Becoming redundant through insolvency may be temporary, but short-term debt can lead to longer-term financial problems.
Redundancy can mark the beginning of financial difficulty. If you have existing debt like a mortgage, loans, or credit cards, you may have to borrow more to stay on track.
It is important to prioritise your spending, manage expenses and look after your existing debts while you explore your options for new employment.
If you manage your expenses and debts well, as well as making a good financial forecast, you will be more likely to avoid long-term debt.
Managing Existing Debts
First it is important to prioritise any current debt that you have. It can be helpful to sort these into high priority debts and low priority debts.
High Priority Debt
High priority debts include:
- mortgage and loans secured on your home
- other housing-related costs like rent, gas and electricity
- Government debt and bills like council tax or income tax
These debts are the most important because if you fail to pay, there will be direct consequences. For example, if you are behind on your mortgage or rent, you could be evicted.
If you fail to pay other home debts like your gas and electricity bill, your services could be cut off.
If you do not pay debts like council tax, TV licence, taxes or magistrates court fines, then in certain circumstances bailiffs (court appointed officials) may attend to remove goods from your home.
If you are worried about your debts and your creditors (the people who you owe money), read this information from the Citizens Advice Bureau .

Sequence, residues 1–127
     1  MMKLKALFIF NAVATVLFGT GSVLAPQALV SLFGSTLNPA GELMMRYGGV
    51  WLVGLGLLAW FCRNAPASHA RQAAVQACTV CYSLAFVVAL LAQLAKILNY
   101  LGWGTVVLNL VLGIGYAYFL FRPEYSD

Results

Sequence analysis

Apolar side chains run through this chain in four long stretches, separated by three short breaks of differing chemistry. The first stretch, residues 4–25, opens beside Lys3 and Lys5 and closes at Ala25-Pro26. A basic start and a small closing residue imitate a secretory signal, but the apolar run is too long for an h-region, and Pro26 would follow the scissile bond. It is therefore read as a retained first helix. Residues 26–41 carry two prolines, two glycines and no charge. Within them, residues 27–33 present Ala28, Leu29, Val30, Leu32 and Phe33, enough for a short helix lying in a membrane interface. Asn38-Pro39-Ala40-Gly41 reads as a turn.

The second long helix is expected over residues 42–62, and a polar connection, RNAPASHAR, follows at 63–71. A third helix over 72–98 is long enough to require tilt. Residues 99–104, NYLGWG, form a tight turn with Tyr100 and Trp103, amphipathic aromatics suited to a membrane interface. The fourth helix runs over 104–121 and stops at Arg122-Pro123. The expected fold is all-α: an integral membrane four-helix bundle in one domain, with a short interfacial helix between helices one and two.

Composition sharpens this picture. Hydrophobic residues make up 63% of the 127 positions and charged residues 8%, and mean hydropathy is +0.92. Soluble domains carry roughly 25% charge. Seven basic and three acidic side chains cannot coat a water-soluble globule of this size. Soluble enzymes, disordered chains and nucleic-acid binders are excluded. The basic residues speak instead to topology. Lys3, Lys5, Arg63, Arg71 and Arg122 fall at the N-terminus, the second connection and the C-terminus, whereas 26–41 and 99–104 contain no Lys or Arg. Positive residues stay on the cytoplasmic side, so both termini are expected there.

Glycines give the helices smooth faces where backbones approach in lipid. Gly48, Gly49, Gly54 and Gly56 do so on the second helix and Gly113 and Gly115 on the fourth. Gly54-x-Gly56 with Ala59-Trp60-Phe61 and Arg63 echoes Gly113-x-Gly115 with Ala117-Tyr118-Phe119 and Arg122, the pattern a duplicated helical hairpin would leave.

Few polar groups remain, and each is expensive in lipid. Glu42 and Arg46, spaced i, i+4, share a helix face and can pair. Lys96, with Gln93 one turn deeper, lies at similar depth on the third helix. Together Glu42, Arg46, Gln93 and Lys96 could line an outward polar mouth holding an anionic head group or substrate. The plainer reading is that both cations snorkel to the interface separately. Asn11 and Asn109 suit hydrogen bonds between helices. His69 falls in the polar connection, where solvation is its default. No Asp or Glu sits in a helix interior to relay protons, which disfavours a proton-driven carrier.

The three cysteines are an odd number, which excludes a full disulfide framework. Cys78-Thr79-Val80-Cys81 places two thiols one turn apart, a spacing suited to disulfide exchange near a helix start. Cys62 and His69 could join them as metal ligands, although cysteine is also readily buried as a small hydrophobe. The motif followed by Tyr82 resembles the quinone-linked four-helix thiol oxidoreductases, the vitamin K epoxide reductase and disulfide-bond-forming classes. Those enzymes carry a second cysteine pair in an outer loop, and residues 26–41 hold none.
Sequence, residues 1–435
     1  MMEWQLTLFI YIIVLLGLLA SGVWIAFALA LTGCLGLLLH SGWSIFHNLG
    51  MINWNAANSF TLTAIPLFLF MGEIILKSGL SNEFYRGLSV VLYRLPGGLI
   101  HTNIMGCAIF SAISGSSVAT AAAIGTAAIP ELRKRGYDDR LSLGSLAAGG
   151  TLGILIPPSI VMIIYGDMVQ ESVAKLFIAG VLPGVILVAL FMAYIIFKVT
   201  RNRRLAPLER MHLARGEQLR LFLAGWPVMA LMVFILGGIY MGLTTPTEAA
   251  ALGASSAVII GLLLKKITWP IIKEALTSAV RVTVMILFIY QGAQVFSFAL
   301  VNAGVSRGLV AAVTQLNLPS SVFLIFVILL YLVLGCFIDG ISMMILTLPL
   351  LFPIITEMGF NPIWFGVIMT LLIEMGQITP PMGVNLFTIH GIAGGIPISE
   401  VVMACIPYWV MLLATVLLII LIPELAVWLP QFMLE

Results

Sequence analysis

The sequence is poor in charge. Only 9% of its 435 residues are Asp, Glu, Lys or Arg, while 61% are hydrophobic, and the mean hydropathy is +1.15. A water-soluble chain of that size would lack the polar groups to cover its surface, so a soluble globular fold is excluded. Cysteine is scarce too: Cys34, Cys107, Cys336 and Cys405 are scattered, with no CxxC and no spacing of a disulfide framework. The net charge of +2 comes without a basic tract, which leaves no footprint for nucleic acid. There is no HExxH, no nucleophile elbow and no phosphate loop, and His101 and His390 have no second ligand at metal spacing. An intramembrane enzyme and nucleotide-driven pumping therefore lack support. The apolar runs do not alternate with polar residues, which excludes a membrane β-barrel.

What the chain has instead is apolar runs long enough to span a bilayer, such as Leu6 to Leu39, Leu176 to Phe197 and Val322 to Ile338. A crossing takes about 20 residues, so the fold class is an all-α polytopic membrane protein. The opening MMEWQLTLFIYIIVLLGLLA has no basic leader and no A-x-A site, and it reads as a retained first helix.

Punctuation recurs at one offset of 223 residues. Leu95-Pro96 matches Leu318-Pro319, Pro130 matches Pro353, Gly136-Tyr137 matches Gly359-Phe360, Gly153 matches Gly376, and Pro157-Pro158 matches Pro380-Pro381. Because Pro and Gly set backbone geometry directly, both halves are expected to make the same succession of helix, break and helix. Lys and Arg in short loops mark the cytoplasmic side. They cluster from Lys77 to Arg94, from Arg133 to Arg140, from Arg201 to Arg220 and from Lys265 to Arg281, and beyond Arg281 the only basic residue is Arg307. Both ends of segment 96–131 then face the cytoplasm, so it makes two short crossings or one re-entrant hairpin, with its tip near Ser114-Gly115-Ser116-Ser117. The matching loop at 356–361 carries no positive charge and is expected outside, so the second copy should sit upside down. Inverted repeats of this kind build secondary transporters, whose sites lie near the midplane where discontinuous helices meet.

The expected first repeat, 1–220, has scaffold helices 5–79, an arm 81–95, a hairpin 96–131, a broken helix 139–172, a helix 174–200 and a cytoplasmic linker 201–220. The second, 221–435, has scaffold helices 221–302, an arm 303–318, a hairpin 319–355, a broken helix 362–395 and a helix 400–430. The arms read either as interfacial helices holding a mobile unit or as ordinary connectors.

Low Priority Debt
Low priority debts do not put your home, or home life, immediately at risk. If you fail to pay these kinds of debts, the consequences are usually less serious.
Paying low priority debt is still important, but you should focus on high priority debts first.
Low priority debts include:
- credit card debts
- hire purchase agreements
- unsecured bank and payday loans (these are loans that are not
- secured against your property)
- water bills
- loans from friends and family
If you have paid your high priority debt payments in a given month, start making minimum payments on your low priority debts, too.
Remember that low priority debts still represent money that you owe to other people. Your creditors (the people that you owe money) can sue you for any money that you owe them. This could result in a county court judgement against you. If a creditor gets a county court judgment against you, there may be payment terms that you will have to keep. Failure to pay can result in seizure of goods or, if your debt is over £5,000, bankruptcy.
If you are worried about your low priority debt and your creditors, read the Citizens Advice Bureau advice about How to deal with creditors of non-priority debts.